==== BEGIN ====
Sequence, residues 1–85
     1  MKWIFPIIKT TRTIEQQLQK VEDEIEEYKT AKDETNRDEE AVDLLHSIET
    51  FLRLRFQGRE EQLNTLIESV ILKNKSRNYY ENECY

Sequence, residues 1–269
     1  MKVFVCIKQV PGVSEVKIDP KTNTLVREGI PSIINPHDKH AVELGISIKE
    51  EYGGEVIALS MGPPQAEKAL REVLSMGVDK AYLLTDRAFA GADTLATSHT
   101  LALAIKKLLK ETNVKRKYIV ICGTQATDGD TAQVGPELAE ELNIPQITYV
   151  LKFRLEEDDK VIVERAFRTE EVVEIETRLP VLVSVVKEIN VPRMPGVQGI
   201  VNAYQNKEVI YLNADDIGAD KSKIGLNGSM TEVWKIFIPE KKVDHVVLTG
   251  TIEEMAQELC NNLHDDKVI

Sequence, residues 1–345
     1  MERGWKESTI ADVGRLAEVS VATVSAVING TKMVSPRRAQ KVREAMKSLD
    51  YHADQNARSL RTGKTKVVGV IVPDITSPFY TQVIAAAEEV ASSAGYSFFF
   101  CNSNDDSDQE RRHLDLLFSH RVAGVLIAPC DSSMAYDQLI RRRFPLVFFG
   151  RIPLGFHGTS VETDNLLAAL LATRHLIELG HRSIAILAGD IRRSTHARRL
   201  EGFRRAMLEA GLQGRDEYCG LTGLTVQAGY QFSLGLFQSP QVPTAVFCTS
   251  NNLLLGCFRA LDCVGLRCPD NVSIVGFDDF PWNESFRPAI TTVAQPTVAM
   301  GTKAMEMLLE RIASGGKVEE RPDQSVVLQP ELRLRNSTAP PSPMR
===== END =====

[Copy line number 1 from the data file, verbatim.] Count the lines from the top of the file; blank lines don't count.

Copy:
Sequence, residues 1–85